This is testified to by numerous museums, churches, municipal monuments, works of urban design and the many manufacturers who are still working in the region.

The Deruta Regional Ceramics Museum : Founded in 1989 by Francesco Briganti, with the collaboration of Alpinolo Magnini and Angelo Michetti, among others, the Museum was inspired by its founder’s wish to “…construct a museum for artists and the history of art and decoration in the homeland of Majolica, Deruta”. The pages of the website give a tour of the three storeys of the building which houses the Museum’s collections and, among other works from the 20th century, those of Angelo Michetti, Alpinolo Magnini, Ubaldo Grazia and David Zipirovich.

Pesaro Municipal Museum, Ceramics Division : The Museum’s collections include ceramics from the major Italian manufacturers of the 17th and 18th centuries, donated by the Ugolini collection in 1974, a selection of oriental and European porcelain from the 17th to the 19th centuries and the collection of 18th/19th century majolica previously owned by Vittoria Toschi Mosca and donated to the Museum together with an important collection of applied objets d’art, in 1885.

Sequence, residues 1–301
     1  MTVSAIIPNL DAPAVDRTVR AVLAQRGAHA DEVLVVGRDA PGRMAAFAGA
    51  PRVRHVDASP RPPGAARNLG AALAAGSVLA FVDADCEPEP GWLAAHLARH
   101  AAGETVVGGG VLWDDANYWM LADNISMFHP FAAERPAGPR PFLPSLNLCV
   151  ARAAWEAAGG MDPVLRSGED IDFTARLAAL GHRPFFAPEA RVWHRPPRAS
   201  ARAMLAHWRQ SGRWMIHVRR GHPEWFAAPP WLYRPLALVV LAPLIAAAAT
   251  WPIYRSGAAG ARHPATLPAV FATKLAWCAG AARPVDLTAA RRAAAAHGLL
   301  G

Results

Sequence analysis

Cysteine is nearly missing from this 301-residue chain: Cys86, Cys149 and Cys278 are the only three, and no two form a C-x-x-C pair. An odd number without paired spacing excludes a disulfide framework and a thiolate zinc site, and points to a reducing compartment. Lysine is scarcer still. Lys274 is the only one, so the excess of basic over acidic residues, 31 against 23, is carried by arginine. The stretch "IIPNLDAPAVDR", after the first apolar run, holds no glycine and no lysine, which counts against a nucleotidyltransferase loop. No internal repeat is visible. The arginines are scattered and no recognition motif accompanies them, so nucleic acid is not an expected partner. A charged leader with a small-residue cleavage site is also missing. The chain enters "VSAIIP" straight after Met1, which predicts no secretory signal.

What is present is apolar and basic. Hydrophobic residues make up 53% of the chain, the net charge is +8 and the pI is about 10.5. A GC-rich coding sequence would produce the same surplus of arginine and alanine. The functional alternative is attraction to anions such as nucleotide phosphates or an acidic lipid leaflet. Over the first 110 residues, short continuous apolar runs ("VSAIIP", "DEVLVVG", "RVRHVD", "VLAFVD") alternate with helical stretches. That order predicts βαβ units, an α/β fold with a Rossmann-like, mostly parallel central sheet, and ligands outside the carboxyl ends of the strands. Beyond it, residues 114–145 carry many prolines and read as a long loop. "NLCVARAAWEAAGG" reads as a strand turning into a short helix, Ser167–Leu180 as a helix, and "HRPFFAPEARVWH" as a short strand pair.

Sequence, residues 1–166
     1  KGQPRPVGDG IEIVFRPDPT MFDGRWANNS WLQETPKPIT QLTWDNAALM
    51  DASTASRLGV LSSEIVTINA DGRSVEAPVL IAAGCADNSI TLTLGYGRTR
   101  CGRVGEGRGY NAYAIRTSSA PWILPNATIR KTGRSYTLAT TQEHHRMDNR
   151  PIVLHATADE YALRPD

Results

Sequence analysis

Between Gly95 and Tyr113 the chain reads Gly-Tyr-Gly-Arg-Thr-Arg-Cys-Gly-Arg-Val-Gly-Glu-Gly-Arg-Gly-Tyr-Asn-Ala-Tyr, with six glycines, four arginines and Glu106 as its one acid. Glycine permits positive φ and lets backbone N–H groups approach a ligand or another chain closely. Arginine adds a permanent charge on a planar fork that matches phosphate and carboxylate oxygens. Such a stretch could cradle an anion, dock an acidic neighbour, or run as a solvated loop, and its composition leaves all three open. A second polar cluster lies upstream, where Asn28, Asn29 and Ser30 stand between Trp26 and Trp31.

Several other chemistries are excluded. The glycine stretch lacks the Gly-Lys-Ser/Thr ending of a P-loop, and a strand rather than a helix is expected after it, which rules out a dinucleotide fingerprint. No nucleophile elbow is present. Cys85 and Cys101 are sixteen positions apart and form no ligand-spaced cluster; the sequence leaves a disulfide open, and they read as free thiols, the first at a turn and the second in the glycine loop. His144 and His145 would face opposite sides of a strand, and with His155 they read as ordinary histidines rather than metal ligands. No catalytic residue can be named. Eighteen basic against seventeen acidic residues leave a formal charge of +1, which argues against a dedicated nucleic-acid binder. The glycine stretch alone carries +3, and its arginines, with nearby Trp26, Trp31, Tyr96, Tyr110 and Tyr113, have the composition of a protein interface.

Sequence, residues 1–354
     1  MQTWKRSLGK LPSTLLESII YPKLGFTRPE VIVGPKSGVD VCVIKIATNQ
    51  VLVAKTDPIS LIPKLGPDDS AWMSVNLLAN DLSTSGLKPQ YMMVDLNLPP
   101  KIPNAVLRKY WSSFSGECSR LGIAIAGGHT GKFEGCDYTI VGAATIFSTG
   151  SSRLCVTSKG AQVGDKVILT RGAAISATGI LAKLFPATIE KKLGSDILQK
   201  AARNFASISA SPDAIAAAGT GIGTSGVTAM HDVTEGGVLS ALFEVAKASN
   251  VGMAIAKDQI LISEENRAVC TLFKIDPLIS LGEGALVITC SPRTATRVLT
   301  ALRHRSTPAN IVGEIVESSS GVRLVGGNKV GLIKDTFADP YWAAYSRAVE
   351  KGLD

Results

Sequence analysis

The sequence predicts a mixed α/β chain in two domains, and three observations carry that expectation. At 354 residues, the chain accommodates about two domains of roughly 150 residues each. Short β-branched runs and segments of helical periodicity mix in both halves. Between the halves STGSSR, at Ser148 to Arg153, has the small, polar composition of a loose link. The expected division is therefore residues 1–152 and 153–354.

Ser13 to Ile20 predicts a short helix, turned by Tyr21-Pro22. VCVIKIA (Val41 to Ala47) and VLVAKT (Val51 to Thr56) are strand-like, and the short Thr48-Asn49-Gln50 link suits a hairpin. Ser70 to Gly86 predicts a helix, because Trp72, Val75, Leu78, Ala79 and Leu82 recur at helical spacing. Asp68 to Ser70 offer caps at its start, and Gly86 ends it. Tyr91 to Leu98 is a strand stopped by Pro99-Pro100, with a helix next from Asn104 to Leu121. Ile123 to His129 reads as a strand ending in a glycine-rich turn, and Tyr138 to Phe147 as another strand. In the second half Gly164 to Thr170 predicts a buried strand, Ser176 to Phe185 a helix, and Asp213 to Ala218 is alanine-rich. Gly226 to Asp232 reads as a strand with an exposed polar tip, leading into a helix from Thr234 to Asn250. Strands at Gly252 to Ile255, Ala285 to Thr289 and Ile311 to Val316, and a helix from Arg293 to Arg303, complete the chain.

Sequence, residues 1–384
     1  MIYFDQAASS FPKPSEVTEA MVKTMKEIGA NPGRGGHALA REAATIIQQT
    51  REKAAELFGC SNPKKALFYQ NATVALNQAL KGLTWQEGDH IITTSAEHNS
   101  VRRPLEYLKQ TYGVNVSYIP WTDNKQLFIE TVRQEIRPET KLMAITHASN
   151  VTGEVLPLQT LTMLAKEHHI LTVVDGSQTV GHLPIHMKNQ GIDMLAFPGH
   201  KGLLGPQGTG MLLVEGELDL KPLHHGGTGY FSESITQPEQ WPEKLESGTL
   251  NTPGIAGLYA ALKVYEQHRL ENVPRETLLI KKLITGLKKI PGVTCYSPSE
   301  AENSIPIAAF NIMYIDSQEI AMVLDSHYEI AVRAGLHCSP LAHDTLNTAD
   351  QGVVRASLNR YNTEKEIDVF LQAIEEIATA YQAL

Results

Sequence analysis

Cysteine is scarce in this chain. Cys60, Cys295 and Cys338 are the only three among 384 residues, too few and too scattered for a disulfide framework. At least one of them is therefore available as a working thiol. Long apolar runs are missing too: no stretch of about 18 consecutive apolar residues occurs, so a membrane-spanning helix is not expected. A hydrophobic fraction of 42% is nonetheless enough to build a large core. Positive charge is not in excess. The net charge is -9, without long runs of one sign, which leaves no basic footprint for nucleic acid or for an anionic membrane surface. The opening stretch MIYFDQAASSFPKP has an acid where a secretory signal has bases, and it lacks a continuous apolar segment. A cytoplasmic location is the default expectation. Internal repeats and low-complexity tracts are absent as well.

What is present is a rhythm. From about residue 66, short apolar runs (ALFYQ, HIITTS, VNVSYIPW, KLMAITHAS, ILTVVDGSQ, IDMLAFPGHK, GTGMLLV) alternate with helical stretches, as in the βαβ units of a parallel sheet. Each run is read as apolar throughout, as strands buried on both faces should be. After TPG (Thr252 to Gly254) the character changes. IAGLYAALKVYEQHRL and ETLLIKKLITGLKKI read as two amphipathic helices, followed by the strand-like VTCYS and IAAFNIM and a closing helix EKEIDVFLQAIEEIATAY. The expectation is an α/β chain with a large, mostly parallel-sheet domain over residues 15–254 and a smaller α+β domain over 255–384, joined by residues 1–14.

The 20th century collection includes ceramics from the early 1900s from the most important Pesaro manufacturers and the entire set of participating works from the Third National Ceramics Exhibition held in Pesaro in 1952.

The Acerbo Museum of Ceramics, Castelli : Established in 1957 by architect Leonardo Palladini, the Castelli Museum of Ceramics houses the collection of Baron Giacomo Acerbo with 570 ceramics dating from the 16th to the 19th centuries, almost all made in Castelli itself.
The ceramics are displayed in chronological order in the Museum’s six rooms.
The sole 20th century work in the collection is a plate figuring Cincinattus’s call to Rome, a masterpiece by Prof. Alfredo Santarelli, decorated with metallic lustre.

The Manlio Trucco Ceramics Museum : The Museum is situated in Manlio Trucco’s last house.
The house was donated by the artist to the Municipality of Albisola Superiore, with the express intention of founding a permanent exhibition of the work of sculptors and ceramicists who have worked in Albisola Superiore.